From the evidence adduced we have no way of knowing whether this employee (or employees) was negligent or not. Did an employee in transporting the complainant negligently jostle or bump the complainant, or negligently hit or touch the plastic tube, which may have caused the complainant to cough or bite on the tube, due to his semiconscious state? Those are unanswered questions, and until they are answered adversely to the plaintiff-respondent the defendant has failed to pierce the allegations of the pleading that the negligence of the defendant's servants caused the injuries.
Upon motion for summary judgment by a defendant, such as the hospital here charged with negligence of its employees and the evidence shows an injury occurs while the semiconscious person is being transported by an employee of the hospital, the hospital, movant for summary judgment, must show its employees were not negligent; or that the injury was accidental, or solely caused by others. This, the evidence fails to do.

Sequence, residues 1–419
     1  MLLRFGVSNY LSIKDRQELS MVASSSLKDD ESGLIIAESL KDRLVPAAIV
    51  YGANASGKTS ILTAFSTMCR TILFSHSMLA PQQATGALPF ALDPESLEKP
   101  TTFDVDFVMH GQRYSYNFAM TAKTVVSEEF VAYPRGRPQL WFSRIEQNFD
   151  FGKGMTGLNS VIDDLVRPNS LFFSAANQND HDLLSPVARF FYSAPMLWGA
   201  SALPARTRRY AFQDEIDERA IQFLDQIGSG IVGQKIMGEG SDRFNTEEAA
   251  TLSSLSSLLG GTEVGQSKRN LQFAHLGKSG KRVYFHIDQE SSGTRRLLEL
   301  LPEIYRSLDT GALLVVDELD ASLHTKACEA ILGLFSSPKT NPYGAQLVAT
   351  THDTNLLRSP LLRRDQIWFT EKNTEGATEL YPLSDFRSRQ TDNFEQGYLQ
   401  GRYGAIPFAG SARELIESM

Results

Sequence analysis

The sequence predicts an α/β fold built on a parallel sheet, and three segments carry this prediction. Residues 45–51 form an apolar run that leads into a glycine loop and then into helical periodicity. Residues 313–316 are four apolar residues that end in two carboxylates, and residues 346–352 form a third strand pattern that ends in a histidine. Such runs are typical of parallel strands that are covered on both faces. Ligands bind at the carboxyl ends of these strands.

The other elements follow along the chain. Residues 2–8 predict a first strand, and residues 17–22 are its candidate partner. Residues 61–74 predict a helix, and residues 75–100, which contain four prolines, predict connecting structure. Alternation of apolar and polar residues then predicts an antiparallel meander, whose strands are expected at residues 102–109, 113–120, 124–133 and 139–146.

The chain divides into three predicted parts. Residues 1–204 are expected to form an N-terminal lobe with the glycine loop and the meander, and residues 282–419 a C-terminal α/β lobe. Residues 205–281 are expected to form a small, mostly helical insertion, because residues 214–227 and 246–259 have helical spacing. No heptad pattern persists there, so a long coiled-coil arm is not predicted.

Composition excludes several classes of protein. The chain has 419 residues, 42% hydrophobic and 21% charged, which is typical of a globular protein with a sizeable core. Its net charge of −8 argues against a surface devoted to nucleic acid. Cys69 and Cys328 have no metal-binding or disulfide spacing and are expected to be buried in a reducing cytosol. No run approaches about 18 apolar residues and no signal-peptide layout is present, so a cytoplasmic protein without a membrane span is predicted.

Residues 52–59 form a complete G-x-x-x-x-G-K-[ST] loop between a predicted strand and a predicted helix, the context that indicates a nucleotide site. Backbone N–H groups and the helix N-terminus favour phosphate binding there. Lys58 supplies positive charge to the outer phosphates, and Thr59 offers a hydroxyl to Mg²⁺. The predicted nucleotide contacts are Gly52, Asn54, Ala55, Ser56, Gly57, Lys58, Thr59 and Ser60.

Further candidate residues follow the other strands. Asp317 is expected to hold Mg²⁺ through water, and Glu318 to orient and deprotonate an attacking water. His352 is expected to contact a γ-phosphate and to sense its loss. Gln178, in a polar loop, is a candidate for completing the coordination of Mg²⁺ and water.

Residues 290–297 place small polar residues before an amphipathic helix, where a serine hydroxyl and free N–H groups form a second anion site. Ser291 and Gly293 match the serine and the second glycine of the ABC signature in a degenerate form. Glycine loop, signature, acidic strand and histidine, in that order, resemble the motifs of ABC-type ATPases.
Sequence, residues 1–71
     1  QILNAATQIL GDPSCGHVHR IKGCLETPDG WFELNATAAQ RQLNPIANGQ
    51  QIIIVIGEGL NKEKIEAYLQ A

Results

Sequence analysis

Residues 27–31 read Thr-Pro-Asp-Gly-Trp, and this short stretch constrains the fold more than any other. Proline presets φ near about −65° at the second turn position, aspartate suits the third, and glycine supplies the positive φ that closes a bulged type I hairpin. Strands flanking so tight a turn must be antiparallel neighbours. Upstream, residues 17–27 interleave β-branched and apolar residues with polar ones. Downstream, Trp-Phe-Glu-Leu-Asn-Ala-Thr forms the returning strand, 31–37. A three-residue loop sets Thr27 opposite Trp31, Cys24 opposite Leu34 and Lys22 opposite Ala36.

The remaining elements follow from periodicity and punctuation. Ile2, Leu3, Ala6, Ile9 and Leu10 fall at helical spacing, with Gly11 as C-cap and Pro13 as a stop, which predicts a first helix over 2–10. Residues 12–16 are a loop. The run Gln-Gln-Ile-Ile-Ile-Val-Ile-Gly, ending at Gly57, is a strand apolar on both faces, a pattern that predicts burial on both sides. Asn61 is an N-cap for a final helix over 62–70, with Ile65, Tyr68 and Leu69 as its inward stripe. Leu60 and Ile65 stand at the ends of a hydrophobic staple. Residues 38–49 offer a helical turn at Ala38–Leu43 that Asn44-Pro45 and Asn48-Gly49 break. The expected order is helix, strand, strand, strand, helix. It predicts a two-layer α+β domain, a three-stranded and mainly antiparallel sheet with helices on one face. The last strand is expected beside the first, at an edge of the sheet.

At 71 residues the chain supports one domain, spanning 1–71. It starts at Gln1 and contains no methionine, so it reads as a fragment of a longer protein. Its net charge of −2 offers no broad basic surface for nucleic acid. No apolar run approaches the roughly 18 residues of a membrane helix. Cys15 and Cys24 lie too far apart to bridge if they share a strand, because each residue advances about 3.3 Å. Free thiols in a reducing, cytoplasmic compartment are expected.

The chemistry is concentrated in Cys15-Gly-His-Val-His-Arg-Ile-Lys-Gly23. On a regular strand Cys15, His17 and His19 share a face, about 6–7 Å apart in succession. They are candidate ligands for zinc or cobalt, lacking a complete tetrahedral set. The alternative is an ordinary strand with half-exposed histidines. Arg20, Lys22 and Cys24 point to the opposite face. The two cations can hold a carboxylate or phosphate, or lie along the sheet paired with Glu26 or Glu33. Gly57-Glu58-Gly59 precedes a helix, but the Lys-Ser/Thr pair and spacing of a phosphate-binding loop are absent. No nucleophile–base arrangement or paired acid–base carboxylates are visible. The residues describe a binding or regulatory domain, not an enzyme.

It might be argued that the affidavit of the anesthesiologist who was with the complainant at the time may be some evidence on the subject. We quote from that affidavit as follows: "I categorically deny that there was anything whatever wrong or improper about the plastic airway or its use on Mr. McDonald in connection with his operation on August 2, 1973. I categorically deny that Mr. McDonald has any claim or cause of action, or other basis for complaint, against Anesthesia Associates of Columbus, me, Mr. Farley, St. Francis Hospital, Inc., or anyone else, but whatever was done, or not done, was my responsibility and that of Anesthesia Associates of Columbus, not that of St. Francis Hospital, Inc. No hospital employee was involved in any way." The matter hinges upon two statements: that the witness assumed "responsibility" and, "no hospital employee was involved in any way." Does the latter mean that no hospital employee was involved in any way with the selection and use of the plastic tube, or does it mean that no hospital employee was involved in any way with the cause of the injury to the plaintiff? If this statement must be weighed as evidence, this is a matter for the jury. If the latter construction above is the meaning, then the statement is a mere conclusion of the witness, no facts being stated or shown as to why he reached the conclusion that the employee or employees transporting the complainant were not involved. The fact that the employee was so doing contradicts this statement and raised a question of credibility, which is for the jury, not the court. The statement by the anesthesiologist that he assumed full responsibility for that which occurred is a bare conclusion or opinion. See General Ins. Co. of America v. Camden Const. Co., 115 Ga. App. 189, 192 (154 SE2d 26). It is for the jury to decide who is responsible for what occurred, not the witness. See Williams v. Melton, 120 Ga. App. 466 (171 SE2d 318); Harvey v. C. W. Mathews Contracting Co., 114 Ga. App. 866 (1) (152 SE2d 809). We, accordingly, hold the defendant by the evidence adduced failed to pierce the pleadings as to the alleged negligence of its employees by carrying the burden of proving its employees, transporting the complainant on the occasion in question, were not negligent. See in this connection Southern Bell Tel. & Tel. Co. v. Beaver, 120 Ga. App. 420 (2, 3, 4) (170 SE2d 737); Werbin & Tenenbaum, Inc. v. Heard, 121 Ga. App. 147 (2, 3) (173 SE2d 114).